Misconfigured or expired ARP cache entries in the system might be one of the reasons for network connectivity problems.

Are you aware that clearing the ARP cache in your system may fix loading problems and connectivity errors?

This article will look at how to check and clear the ARP cache in the different operating systems.

But before that…

What is ARP cache?

ARP stands for Address Resolution Protocol, which is responsible for discovering MAC addresses and mapping them to IP addresses in order to communicate successfully with other systems on the local network. This protocol works between the data link layer and network layer.

Instead of asking the router every time where the particular device is located and what its mac address is, our system would just connect using the previously resolved IP address.

When our systems find the MAC addresses for the particular IP address using ARP protocol, they will be stored in a table for future use. This table is called ARP cache. It contains a list of known IP addresses and their MAC addresses.

ARP request is a broadcast, and ARP reply is unicast.

When to clear the ARP cache?

If the IP addresses of the network-linked devices change, ARP entries can get corrupted or expired, and new entries may not always overrule the database’s expired entries.

As a result, it may impact network performance and may cause loading or connectivity problems. In this case, you can simply clear the ARP cache to resolve the issue because clearing the ARP cache will cause all of your requests to go through the entire ARP process again. During this process, the new entries will be saved in the ARP table.

Some errors may occur during the rebuilding of the ARP cache table, so deleting the ARP cache all the time is not recommended. Instead, you can also reboot your router or system to resolve the connectivity problems.

How to clear the ARP cache?

We can easily clear the ARP cache in any operating system by using the command line. Let’s get started.

Windows

Step 1: Open a command prompt and run it as an administrator.

Step 2: To view the ARP cache table, just type the following command.

arp -a

This command displays the IP addresses, and it’s associated mac addresses.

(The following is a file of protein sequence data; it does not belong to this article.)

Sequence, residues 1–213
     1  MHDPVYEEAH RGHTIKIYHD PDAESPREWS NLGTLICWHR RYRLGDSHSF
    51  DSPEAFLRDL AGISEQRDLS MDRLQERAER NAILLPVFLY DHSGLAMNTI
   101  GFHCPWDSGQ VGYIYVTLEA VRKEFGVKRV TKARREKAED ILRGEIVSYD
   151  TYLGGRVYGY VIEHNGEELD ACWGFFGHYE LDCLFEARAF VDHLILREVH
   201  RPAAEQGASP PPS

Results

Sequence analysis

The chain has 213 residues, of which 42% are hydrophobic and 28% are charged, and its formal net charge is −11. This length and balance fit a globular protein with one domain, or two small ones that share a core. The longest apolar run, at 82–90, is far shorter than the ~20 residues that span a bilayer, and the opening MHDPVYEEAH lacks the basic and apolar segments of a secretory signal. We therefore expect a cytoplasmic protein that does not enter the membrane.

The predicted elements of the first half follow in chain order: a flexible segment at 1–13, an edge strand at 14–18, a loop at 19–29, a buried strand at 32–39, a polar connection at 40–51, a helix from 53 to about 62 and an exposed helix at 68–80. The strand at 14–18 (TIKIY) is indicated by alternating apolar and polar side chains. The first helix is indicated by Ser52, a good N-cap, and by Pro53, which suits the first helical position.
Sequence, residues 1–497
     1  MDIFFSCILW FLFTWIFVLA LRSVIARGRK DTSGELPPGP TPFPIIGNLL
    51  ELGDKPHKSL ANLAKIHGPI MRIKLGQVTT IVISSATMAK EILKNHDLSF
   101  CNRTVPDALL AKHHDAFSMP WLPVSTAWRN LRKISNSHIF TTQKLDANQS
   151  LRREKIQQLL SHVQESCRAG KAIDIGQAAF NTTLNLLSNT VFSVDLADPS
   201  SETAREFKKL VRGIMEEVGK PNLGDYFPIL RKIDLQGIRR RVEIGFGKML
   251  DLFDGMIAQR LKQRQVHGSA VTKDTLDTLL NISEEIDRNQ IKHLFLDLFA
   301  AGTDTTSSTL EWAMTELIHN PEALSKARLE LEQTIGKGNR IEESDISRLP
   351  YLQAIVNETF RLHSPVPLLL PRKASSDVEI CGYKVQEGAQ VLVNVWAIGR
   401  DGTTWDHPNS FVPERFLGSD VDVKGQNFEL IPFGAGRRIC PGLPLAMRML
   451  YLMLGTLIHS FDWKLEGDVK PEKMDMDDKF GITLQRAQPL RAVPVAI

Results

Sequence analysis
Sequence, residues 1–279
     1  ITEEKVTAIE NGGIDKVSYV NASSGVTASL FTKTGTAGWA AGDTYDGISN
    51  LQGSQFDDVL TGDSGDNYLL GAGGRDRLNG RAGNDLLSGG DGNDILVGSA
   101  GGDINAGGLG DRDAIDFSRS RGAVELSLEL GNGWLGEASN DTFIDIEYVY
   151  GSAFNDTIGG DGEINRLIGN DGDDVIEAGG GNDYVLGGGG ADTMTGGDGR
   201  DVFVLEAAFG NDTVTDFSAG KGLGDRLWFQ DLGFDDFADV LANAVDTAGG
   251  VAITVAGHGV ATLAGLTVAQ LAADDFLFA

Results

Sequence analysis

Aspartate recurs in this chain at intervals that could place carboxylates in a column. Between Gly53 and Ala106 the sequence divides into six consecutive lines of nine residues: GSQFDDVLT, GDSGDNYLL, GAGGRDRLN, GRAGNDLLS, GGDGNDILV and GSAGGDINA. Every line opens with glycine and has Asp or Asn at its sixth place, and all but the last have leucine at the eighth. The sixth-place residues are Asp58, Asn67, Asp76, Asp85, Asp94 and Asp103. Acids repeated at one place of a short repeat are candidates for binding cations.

Step 3: Next, to delete the cache table, you can use netsh utility.

netsh interface IP delete arpcache

or you can simply use

arp -d

Step 4: If you want to delete any specific entry in the cache, not the whole table.

arp -d <ip-address>

Sample Output:

C:WINDOWSsystem32>arp -a

Interface: 192.168.29.64 --- 0xd
  Internet Address      Physical Address      Type
  192.168.29.1          a8-da-0c-e8-0e-e6     dynamic
  224.0.0.22            01-00-5e-00-00-16     static
  224.0.0.251           01-00-5e-00-00-fb     static
  224.0.0.252           01-00-5e-00-00-fc     static

Interface: 192.168.56.1 --- 0x14
  Internet Address      Physical Address      Type
  224.0.0.22            01-00-5e-00-00-16     static
  224.0.0.251           01-00-5e-00-00-fb     static
  239.255.255.250       01-00-5e-7f-ff-fa     static

C:WINDOWSsystem32>netsh interface IP delete arpcache
Ok.

You will get ‘OK’ as a response if you use the netsh utility to clear the cache table.

Linux

Step 1: Open a terminal and use the following IP utility command to clear the whole ARP table.

ip -s -s neigh flush all

Step 2: If you want to delete the ARP record for a particular address, use arp utility.

arp -d <ip-address>

Step 3: After deleting the entries, you can simply use the following command to view the ARP table in Linux.

arp -n

This command displays the whole arp table.

Sample output:

┌──(root💀kali)-[/home/geekflare]
└─# arp -d 10.0.2.1

┌──(root💀kali)-[/home/geekflare]
└─# arp -n
Address          HWtype         HWaddress           Flags Mask        Interface

10.0.2.1                       (incomplete)

10.0.2.2         ether       01:00:5e:00:00:fc         C                 eth0
10.0.2.3         ether       a8:da:0c:e8:0e:e6         C                 eth0

Here, you can observe the cache entry for the specific address is cleared.

Mac

Step 1: Open a terminal in your mac and use the following commands.

Step 2: To view the existing ARP entries.

sudo arp -a

Step 3: To delete the cache for a particular interface

sudo arp -d 192.168.29.1 ifscope en0 

Step 4: To clear the whole cache table

sudo arp -a -d

Sample output:

$ sudo arp -a

? (192.168.29.1) at 01:00:5e:00:00:fc on en0 ifscope [ethernet]
? (192.168.2.13) at a8:da:0c:e8:0e:e6 on en0 ifscope [ethernet]
? (192.168.1.21) at 01:00:5e:00:0e:16 on en0 ifscope permanent [ethernet]

$ sudo arp -a -d

192.168.29.1 (192.168.29.1) deleted
192.168.2.13 (192.168.2.13) deleted
192.168.1.21 (192.168.1.21) deleted

Conclusion

If you can’t ping a particular IP address in the same network even though they’re working correctly, it’s a sign that something is wrong. Your ARP cache table may need to be reconstructed again.

I hope you found this article helpful in learning how to clear the ARP cache in different operating systems.

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